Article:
If the US Treasury issues more debt and/or new debt, as interest rates rise, it will pay more interest to debt holders. Both of these things are happening.

All in all, the interest paid by the Fed through RRP and IORB and the interest paid by the US Treasury on debt have a stimulative effect. But isn’t the Fed supposed to reduce the quantity of money and credit through quantitative tightening (QT)? Yes, that’s correct, but now let’s analyze the net effect and how it will develop in the future.

As we can see, the effect of QT has been fully offset by interest paid through other means. Despite the Fed shrinking its balance sheet and raising interest rates, the amount of currency is still increasing. But will this continue to happen in the future, and to what extent? Here are my thoughts:

1. The private sector and US banks prefer to deposit funds with the Fed, so the balances of RRP and IORB will increase.

2. If the Fed wants to raise interest rates, it must raise the interest rate on funds deposited in RRP and IORB.

3. The US Treasury will soon need to provide financing for $1-2 trillion in deficits in the foreseeable future and must finance it with higher and rising short-term interest rates. Given the maturity of the US debt, we know that actual monetary interest expenditures can only rise mathematically.

Combining these three factors, we know that the net effect of US monetary policy is currently stimulative, and the money printing press is producing more and more fiat currency. Remember, this is because the Fed is raising interest rates to fight inflation. But if raising interest rates actually increases the money supply, it can be inferred that raising interest rates actually increases inflation. Mind-blowing!

Of course, the Fed could accelerate QT to offset these effects, but that would require the Fed to become a direct seller of US Treasuries and mortgage-backed securities (MBS), in addition to foreign investors and the banking system. If the largest creditor (the Fed) is also selling, the dysfunctionality of the US Treasury market will increase. This will cause investors to panic, leading to a surge in long-term yields as everyone rushes to sell their bonds before the Fed starts selling.


If you are a believer in Satoshi Nakamoto, time will be on your side. If you choose to partner with the traditional financial devil, the timing bomb is ticking…

Important things will happen between now and the autumn harvest.

First, the US debt ceiling will be raised this summer. This will cause the US Treasury to begin issuing debt to fund the government. As the US Treasury repays maturing debt and issues new debt, the net effect will be more unpaid debt and higher rates. The debt issuance may temporarily put pressure on dollar liquidity as the Treasury General Account (TGA) increases. But over time, as the Treasury spends money, the TGA declines and dollar liquidity increases.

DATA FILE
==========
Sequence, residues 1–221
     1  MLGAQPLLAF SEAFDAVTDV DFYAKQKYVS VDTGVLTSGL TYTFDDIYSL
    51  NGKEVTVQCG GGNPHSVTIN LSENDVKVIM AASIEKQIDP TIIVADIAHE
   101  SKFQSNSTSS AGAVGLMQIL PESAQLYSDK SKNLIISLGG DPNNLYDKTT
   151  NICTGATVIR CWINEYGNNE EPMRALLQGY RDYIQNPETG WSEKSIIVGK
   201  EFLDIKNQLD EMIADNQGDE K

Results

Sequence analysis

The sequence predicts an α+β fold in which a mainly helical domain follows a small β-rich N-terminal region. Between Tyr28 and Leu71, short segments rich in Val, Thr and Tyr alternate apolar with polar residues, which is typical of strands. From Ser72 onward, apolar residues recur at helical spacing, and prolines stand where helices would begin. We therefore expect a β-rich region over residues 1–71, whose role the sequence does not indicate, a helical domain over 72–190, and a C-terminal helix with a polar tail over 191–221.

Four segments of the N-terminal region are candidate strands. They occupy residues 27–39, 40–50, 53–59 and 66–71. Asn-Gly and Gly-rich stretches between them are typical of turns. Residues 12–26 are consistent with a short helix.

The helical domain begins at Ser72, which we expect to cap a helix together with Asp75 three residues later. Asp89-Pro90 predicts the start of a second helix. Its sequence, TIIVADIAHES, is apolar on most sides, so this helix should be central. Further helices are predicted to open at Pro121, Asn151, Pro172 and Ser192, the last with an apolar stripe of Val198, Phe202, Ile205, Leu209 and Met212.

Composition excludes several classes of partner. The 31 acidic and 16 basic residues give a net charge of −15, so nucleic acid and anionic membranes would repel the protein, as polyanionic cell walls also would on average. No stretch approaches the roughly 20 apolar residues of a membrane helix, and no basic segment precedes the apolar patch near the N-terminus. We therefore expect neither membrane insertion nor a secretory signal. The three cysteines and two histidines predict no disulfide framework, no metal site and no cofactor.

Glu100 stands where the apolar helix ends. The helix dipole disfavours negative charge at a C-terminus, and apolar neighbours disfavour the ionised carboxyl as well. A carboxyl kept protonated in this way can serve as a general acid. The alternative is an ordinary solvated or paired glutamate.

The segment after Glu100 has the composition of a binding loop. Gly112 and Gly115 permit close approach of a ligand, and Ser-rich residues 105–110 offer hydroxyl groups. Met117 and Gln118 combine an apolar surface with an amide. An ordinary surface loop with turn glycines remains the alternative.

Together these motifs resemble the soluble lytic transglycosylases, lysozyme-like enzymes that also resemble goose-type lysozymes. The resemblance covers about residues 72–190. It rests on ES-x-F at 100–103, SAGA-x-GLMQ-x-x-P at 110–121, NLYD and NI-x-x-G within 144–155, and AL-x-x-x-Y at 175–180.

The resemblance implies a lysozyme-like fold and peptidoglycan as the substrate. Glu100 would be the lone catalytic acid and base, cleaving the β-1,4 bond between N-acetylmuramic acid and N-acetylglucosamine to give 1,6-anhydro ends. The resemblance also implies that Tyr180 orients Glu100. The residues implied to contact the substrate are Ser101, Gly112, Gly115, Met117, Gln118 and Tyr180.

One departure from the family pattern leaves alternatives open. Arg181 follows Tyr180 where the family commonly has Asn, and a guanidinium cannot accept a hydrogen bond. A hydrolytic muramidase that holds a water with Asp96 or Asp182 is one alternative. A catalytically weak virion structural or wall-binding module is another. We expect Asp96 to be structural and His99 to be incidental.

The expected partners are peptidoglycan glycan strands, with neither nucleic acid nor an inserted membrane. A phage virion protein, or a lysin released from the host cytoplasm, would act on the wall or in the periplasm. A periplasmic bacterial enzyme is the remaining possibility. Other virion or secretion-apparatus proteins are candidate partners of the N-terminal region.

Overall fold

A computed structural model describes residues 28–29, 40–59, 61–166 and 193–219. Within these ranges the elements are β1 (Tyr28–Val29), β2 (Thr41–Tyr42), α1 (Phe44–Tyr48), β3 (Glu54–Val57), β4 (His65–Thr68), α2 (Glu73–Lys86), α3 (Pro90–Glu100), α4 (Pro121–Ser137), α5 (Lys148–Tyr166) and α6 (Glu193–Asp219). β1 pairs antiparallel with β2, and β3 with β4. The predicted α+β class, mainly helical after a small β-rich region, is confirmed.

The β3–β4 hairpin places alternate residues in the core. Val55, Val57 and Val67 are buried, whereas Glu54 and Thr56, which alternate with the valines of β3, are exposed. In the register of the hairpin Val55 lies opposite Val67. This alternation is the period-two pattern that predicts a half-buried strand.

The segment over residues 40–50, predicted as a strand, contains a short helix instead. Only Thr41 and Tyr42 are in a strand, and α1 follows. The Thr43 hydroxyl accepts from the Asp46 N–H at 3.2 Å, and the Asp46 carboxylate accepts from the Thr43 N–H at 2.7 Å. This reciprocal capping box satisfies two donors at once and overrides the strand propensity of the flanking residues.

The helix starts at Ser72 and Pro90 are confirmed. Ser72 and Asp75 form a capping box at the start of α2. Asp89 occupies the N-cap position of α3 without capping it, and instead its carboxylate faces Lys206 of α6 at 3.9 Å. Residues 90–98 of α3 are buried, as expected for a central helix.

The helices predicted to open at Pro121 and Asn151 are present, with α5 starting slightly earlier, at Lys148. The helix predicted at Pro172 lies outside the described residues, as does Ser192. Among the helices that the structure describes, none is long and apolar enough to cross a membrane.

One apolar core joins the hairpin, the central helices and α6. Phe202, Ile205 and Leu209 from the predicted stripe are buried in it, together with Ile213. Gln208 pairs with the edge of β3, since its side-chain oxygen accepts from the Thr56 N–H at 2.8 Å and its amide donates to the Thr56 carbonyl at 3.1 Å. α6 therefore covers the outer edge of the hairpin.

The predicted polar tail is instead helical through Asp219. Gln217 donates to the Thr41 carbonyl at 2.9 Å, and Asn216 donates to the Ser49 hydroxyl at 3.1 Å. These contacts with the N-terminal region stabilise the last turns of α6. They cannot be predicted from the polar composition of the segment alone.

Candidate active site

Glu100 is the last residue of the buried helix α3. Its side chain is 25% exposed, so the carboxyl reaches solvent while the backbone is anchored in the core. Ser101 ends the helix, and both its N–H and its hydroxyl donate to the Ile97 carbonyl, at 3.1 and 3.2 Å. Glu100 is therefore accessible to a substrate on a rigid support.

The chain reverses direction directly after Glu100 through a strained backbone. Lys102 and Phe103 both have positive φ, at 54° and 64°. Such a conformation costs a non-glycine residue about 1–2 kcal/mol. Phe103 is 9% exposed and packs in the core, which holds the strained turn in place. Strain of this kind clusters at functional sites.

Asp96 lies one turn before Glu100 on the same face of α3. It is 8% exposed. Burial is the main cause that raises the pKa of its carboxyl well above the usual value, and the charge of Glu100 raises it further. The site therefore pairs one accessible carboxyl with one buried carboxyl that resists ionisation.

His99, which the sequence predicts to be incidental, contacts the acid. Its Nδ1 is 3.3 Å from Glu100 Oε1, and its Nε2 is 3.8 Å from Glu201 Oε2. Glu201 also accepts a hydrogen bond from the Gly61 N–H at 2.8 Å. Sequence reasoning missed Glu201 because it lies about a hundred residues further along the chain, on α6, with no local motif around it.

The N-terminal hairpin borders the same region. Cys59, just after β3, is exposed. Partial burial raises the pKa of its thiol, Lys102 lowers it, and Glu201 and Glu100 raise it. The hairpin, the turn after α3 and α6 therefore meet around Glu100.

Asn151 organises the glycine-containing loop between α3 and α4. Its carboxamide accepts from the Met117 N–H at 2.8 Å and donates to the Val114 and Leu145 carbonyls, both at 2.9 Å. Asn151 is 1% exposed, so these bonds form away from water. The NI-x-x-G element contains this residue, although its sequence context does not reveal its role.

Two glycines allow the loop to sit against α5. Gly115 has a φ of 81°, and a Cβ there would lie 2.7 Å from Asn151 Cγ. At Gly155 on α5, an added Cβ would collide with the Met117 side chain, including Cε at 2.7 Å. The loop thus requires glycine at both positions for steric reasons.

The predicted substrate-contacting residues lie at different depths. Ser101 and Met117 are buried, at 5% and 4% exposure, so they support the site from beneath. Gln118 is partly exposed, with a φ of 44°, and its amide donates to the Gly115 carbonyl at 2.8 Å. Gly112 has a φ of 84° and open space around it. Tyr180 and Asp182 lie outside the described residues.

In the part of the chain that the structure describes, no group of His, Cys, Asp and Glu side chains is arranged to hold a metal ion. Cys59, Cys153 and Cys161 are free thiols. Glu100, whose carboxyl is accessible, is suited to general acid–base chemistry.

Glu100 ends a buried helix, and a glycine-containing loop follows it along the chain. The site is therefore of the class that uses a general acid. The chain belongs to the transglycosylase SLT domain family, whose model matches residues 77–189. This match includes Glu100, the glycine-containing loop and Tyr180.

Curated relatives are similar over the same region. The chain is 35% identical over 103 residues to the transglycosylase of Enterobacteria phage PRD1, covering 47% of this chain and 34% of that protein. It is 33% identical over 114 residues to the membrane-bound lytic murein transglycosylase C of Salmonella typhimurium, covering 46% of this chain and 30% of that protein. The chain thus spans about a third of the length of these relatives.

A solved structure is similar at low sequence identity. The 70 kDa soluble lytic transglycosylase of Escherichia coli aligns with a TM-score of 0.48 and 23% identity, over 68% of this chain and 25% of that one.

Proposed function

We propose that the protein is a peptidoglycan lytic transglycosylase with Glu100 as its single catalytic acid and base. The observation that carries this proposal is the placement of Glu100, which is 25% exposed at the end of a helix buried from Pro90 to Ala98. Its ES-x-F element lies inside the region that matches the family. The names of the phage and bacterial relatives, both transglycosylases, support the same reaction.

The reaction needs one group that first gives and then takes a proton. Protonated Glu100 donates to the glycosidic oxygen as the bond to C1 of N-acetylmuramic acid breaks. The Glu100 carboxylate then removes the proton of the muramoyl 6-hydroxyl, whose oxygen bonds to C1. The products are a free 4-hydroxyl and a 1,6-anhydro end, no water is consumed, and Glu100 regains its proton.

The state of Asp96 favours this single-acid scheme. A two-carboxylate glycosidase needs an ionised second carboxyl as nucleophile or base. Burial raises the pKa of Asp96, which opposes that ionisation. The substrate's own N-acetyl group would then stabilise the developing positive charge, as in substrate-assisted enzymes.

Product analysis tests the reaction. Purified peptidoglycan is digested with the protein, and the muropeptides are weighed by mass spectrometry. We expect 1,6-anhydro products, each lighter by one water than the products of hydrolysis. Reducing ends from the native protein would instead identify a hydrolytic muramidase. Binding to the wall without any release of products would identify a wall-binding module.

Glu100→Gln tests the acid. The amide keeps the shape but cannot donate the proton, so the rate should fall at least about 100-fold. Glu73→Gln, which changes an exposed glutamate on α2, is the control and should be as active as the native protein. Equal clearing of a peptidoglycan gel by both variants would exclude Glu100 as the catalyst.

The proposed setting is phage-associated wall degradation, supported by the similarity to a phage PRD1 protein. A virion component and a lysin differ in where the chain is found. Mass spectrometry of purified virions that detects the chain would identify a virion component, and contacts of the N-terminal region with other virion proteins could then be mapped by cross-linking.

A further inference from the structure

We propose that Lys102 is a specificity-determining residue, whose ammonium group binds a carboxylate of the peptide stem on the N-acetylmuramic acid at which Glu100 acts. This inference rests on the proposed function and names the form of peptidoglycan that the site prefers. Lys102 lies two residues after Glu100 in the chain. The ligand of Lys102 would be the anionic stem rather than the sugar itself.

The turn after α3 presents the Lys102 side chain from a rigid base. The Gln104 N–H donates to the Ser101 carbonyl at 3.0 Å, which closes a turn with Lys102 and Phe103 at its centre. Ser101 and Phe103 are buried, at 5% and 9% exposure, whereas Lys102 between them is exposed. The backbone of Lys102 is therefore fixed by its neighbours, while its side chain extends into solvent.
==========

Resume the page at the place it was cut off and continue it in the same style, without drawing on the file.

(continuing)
Second, as I previously outlined, inflation will bottom out and begin to slowly rise. This means that the Fed may pause rate hikes in June, only to reignite the flames at the July meeting, raising rates. By the end of August’s Jackson Hole central banker meeting, the policy rate may be close to 6%. Higher rates will increase the amount paid in interest on RRP and IORB balances.

Finally, depositors will continue to move funds from non-systemically important banks to systemically important banks, or to money market funds. Money market funds deposit funds in RRP while systemically important banks deposit funds in IORB. In both cases, the balances of RRP and/or IORB grow. Systemically important banks have a lot of cash, which is why they pay little or no interest on deposits and store any excess funds in the Federal Reserve System (thus increasing IORB). This increases the amount of currency the Fed issues to pay for funds deposited in these facilities.

In summary, the amount of dollar liquidity injected into the system every day will continue to grow. The rate of change of dollar liquidity injection will also accelerate, as the larger the balance, the more interest paid. Compound interest is a geometric series.

Bitcoin has experienced about a 10% pullback from its peak in April. All of this interest payment is actually a stimulus plan for wealthy asset holders. When they have more funds than they need, wealthy asset holders buy risk assets. Gold, bitcoin, AI tech stocks, and others will be beneficiaries of the “wealth” printed and distributed by governments.

I expect bitcoin to remain stable here. I don’t believe we will retest $20,000 or near that level again. A strong support base will form as funds gradually flow into the global risk asset market. During the northern hemisphere summer, volatility and trading volumes typically disappoint, so I am not surprised that adventurers troubled by boredom have temporarily left cryptocurrency trading. I will use this calm time to gradually increase my bitcoin allocation after TGA is replenished.

As more and more experts start talking about the billions of dollars issued by the Fed and the US Treasury as interest payments, people will once again realize that the currency printing machine is running non-stop. And when the printing press hums, bitcoin will prosper!